Upon execution, this Linux worm connects to a remote machine using the UDP protocol on a specified port. UDP is a protocol that allows connections even to unstable machines, since it does not require error-checking.
This worm uses the buffer overflow vulnerability in OpenSSL 0.9.6d and earlier verions, and 0.9.7-beta2 and earlier versions. It allows remote users to execute arbitrary code via a large client master key in SSL2 or a large session ID in SSL3. This exploit appears to determine how this worm attacks a host based on the information returned by the server on itself and its version.
This worm links by providing each machine with a list of available machines. Using a technique called broadcast segmentation combined with TCP-like functionality, this worm ensures that another machine on the network receives the broadcast packet, which it then segments again. After this, it recreates the packet and sends it to other hosts.
This worm attempts to connect to Port 80. Once connected, it sends an invalid GET request to a server to identify whether the machine is an Apache system. Once it finds an Apache system, this worm attempts to connect to port 443 and sends the exploit code to the listening SSL service on the remote system.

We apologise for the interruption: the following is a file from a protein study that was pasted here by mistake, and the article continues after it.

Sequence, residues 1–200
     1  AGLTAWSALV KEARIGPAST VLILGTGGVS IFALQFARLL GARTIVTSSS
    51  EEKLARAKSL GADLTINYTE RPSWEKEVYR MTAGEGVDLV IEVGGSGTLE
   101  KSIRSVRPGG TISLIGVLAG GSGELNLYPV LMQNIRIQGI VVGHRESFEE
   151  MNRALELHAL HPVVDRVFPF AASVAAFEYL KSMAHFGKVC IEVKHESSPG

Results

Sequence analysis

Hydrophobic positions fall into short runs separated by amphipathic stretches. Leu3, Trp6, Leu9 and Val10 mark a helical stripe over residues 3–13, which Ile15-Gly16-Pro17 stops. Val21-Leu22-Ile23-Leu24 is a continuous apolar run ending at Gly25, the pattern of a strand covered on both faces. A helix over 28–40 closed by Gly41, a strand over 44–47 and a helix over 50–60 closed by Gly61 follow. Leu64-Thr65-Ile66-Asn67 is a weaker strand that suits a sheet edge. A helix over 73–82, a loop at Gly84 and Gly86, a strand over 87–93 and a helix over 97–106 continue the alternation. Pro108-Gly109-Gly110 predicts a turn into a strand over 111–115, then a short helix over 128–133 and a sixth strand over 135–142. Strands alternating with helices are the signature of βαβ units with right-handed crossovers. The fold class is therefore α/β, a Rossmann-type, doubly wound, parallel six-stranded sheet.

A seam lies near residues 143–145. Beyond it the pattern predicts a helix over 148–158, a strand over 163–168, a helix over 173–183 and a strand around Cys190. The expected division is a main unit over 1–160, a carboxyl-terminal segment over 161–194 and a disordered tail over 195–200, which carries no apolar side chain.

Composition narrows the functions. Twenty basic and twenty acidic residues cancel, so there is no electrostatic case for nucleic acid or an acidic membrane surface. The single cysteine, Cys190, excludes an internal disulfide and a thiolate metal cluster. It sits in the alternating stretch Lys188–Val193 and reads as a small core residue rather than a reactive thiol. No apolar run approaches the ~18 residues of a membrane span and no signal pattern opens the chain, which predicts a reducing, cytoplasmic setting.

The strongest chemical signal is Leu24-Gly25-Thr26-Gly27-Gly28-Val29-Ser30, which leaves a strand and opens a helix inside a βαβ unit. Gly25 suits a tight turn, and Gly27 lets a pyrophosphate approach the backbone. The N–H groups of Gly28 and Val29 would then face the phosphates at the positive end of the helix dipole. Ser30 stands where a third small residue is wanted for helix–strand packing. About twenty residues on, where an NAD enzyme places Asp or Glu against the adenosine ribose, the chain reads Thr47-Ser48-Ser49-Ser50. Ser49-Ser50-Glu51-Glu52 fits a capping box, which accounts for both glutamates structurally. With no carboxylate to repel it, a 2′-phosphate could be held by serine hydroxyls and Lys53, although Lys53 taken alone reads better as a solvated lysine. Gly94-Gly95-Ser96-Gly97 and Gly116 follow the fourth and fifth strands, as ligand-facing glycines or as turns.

This Linux worm arrives on the target system as a source code with the filename ".bugtraq.c". It uses a Linux shell code exploit that runs only on Intel systems. In order for the code to execute properly, it requires the presence of the shell command /bin/sh. It recompiles itself on each new system.
The binary code generated after compilation is executed with an IP address as a parameter. This IP address is the address of the attacking machine and is used to create a network of worm infected systems, which would launch the destributed denial of service attack.